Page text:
The hardest part, however, is making the choice itself.  We’d wrack our brains thinking if we should stay in our jobs or move on to greener pastures. 

It isn’t just about the risks of what we choose but it’s also what we believe in. 

This is what being proactive is really about.  Proactive is choosing based on what we value.  Note it isn’t what we want, it is what we value.  Stephen Covey of Seven (7) Habits fame identifies being proactive as the freedom to choose one’s response.  But to choose what we believe is right, we should choose based on what’s important for us, which is in a nutshell are our values

Employees would opt to stick with a job with a slave-driver boss that deprives weekends off because the employees would value the job security and income needed for their families. 

An employee, however, may choose to quit because she values her time with her children more than anything else. 

But as much as it may be clear to some, it can be a lengthy exercise for many who haven’t really defined what they value or are in self-conflict with changes in what are important to them. 

As the PlanPlus Online website puts it, values “may change as demands or needs change.” 

“If a given belief or opinion is something that might be altered if the conditions are right, then it’s a value.”

-PlanPlus Online, The Difference Between Principles and Values, https://www.planplusonline.com/difference-principles-values/

When values become moving targets, we can become confused and that can make it difficult to decide things.  We therefore sometimes become dependent on others to make our minds up, like just doing what the boss tells us to do. 

Values are based on beliefs, opinions, causes, and/or the very stuff we put the highest importance on, such as our families, relationships, careers, and religions.  We often try to rank them and doing so can be a difficult process, not to mention frustrating.  The bottom line is we always are evaluating what our priorities are. 

Is there a best way to define our values?  No.  But the question maybe should be:  how often should we define our values?  Not everybody knows what he or she wants.  Lucky for those who do but there are many who constantly need to review what’s important.  Actually, it may be those who do it often are the luckier ones because they would always be updated to their versions of their value systems. 

When we know surely what we think or feel what’s important, we’d know how to choose confidently.  We end up knowing how to answer when a boss asks us to work on weekends.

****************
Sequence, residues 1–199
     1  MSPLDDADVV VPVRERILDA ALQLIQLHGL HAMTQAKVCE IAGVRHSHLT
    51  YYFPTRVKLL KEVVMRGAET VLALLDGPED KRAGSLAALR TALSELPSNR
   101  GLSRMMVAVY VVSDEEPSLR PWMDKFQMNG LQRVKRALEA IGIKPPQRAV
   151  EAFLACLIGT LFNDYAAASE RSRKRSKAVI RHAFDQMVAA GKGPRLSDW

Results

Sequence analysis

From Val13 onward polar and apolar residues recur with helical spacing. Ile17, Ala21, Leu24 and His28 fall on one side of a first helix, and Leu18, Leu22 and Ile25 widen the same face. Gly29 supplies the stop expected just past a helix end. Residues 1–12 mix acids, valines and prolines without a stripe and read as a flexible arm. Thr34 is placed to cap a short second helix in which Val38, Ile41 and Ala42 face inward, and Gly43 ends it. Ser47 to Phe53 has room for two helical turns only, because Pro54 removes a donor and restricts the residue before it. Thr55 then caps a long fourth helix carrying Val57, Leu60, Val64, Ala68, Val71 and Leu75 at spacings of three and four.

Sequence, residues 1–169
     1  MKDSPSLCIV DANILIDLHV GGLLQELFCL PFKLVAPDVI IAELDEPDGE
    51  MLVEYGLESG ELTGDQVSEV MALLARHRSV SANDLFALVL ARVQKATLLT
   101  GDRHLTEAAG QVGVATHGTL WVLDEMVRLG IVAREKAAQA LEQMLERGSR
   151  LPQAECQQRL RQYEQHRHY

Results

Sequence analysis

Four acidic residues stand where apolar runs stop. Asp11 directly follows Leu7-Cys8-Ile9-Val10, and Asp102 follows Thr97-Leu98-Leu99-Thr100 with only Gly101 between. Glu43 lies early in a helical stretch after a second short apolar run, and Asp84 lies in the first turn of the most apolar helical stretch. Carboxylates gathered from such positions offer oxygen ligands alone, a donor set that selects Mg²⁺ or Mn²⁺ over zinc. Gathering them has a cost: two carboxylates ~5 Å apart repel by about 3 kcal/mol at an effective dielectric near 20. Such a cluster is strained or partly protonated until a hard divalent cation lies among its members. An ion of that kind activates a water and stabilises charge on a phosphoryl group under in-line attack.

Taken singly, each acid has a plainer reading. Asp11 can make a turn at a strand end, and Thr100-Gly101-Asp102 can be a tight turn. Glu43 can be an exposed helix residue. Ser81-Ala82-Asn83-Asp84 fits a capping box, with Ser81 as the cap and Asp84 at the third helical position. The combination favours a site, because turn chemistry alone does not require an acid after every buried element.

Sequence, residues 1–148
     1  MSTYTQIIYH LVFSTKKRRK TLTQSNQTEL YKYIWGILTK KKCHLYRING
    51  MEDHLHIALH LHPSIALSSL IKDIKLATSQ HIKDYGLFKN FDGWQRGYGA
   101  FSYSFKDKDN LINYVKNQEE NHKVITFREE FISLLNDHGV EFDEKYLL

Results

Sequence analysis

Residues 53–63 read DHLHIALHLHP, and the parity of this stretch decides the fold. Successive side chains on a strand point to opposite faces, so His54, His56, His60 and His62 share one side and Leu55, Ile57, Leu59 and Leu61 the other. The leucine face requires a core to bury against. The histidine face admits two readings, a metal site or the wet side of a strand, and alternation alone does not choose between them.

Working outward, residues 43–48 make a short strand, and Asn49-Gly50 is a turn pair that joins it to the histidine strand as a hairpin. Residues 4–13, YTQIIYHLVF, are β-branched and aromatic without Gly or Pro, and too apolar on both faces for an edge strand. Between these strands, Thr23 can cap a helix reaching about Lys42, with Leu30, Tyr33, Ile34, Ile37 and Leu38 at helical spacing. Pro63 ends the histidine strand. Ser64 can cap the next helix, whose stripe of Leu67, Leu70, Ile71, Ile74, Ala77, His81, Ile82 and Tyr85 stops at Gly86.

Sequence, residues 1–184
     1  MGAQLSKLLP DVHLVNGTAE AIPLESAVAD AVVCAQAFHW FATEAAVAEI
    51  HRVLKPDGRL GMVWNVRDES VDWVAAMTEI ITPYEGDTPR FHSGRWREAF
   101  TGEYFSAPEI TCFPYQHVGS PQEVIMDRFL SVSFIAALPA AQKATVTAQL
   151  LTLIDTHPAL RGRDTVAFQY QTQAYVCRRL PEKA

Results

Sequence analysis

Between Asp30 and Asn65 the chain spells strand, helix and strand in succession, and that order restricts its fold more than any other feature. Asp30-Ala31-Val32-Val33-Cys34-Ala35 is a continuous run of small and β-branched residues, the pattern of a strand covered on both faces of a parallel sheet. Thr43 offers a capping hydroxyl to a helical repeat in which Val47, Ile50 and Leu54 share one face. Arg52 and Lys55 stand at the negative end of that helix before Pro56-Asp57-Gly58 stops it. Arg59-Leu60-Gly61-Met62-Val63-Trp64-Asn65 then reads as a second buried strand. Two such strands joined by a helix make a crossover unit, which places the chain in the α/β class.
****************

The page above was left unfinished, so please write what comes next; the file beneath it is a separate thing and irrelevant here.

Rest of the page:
About Overtimers Anonymous

The Devil is in The Details

I was reading the San Jose Mercury News one morning while staying with my brother during a visit some years ago at San Mateo, California, USA and I noticed that the front page of the paper featured a repair of a road culvert. 

The culvert, a canal by the side of a main thoroughfare, was eroding and needed repair.  The news article talked about what the engineers assigned to the repair job were going to do and it included a schedule of when a lane of the road would be closed. 

It was fascinating that a big city newspaper like the San Jose Mercury News would put a story about a problematic road culvert as its main headline for the day, much bigger than other national and international news. 

I then thought, “Why not?”  Why not showcase what the local government is doing about roadwork and how it would affect those who live in or near San Jose City who in the first place probably make up the majority of readers and subscribers to the newspaper. 

And why not write in-depth about the roadwork so that people will know the details, such as what’s the roadwork timetable and how it may affect traffic in the area? 

The devil after all is in the details. 

The idiom, the devil is in the details, points out the need to take into account the nitty-gritties of a plan or solution.  It describes what happens when we find it harder than we thought to implement an idea or execute a strategy. 

Some enterprise executives decide on solutions without considering the ramifications.  They would say they did especially if a task force that recommended the solution studied a lot about it. But given the fact we live in a complex world, there would often be something left out, something that the executives and managers didn’t expect.